NH Baritone wrote:Let's make certain we know what your question is.
Bigduggieface wrote:NH Baritone wrote:Let's make certain we know what your question is.
To clarify, I'm talking about biological evolution. Speciation. The development of life on Earth from simple, unicellular organisms to the complex diversity of life we see today.
Thanks, NH Baritone for the info on Zach Moore's podcast. This looks to be a valuable resource that I have been unaware of. The TalkOrigins.org website that you mention is popular and can be useful for researching particular questions. However, this site may be daunting to someone who is unsure of what questions to ask.
I'm looking for a resource that takes the person by the hand and guides them step-by-step through the basics of biological evolution. There must be a comprehensive book out there geared towards the uninitiated.
Bigduggieface wrote:I suppose like many of us, my understanding about the theory of evolution was cobbled together piece-by-piece over the years. I was educated here in Canada, and in my high school biology classes we were exposed to Darwin, the mechanism of natural selection, heredity, DNA and chromosomes, etc. On my own, in my early twenties, I read several books and articles about this subject at random. Eventually, I understood more and more and I think I've come to understand evolution and the biological nuts and bolts that drive the process reasonably well having never been formally trained in the subject.
The reason for my post is this: I've got an acquaintance who is a recovering Jehovah's Witness. This 30-ish year old man was not only uneducated about evolution, but was sadly discouraged from any inquiry into the subject ("If man evolved from fish, why are there still fish?" is a real hurdle for this poor fella).
I was about to recommend an introductory book on the subject, and I realized that I could not think of one! My evolution education was patched together from reading all kinds of books and articles over the years, many of which assume that the reader understands natural selection and Darwin's contributions to biology. My library collection contains Dawkins, Gould, Ingram, etc. These books are not suitable for such a layman.
So my ultimate question that I'm hoping that our distinguished forum members can help me with is -- What's the best way to help this guy understand how evolution operates? If anyone knows of a good website, or even better- a good introductory book, please let me know!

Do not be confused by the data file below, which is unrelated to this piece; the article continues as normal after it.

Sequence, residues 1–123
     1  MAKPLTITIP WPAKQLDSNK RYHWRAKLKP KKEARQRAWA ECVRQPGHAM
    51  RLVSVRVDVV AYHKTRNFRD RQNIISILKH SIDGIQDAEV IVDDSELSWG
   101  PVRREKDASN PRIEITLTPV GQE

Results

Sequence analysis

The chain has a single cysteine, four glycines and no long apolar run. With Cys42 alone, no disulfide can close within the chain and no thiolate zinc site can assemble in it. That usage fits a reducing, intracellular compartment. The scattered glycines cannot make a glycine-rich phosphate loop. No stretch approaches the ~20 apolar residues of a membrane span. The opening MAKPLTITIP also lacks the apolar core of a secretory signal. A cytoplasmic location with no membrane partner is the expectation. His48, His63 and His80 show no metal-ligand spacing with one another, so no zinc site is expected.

I've already directed him to the PBS "Evolution" series of videos. I also suggested some of Potholer54's fine YouTube videos. I'm unaware of any excellent websites or books. The only book that came to mind would be Donald Prothero's "Evolution: What the Fossils Say and Why It Matters".
Any suggestions about effectively helping to set this guy straight?
Carico wrote: The problem is, since the story of evolution is as imaginary as each individual imagination, then of course no one can know what it states. Since Darwin never described his main characters, (the common ancestors) then of course he can't know what they were capable of breeding and neither can his readers. I've heard (from evolutionary scientists, no less)that the common ancestor is anything from apes to aliens.
But what makes the story of evolution a delusion is that Darwin actually believed that the characters he conjured up in his imagination actually existed! It's bad enough when an author believes his characters are real, but when he believes that characters he can't even describe are real, then he is even more delusional.
So needless to say, a badly written fiction story cannot make a good true story.
4 I looked, and I saw a windstorm coming out of the north—an immense cloud with flashing lightning and surrounded by brilliant light. The center of the fire looked like glowing metal, 5 and in the fire was what looked like four living creatures. In appearance their form was that of a man, 6 but each of them had four faces and four wings. 7 Their legs were straight; their feet were like those of a calf and gleamed like burnished bronze. 8 Under their wings on their four sides they had the hands of a man. All four of them had faces and wings, 9 and their wings touched one another. Each one went straight ahead; they did not turn as they moved.
10 Their faces looked like this: Each of the four had the face of a man, and on the right side each had the face of a lion, and on the left the face of an ox; each also had the face of an eagle. 11 Such were their faces. Their wings were spread out upward; each had two wings, one touching the wing of another creature on either side, and two wings covering its body. 12 Each one went straight ahead. Wherever the spirit would go, they would go, without turning as they went. 13 The appearance of the living creatures was like burning coals of fire or like torches. Fire moved back and forth among the creatures; it was bright, and lightning flashed out of it. 14 The creatures sped back and forth like flashes of lightning.
Carico wrote: Sorry, but interpreting fossils is as subjective as speculating what shapes leaves on a tree form. So the old adage "archeologists always find what they're looking for" rings true in the story of evolution as well.
So no, you have no evidence either in history or biologically that monkeys, apes of better yet, imaginary animals can turn into people. So no, you have no evidence in history or biology that the story of evolution is true. That makes it a fairy tale which is why it's a popular myth.
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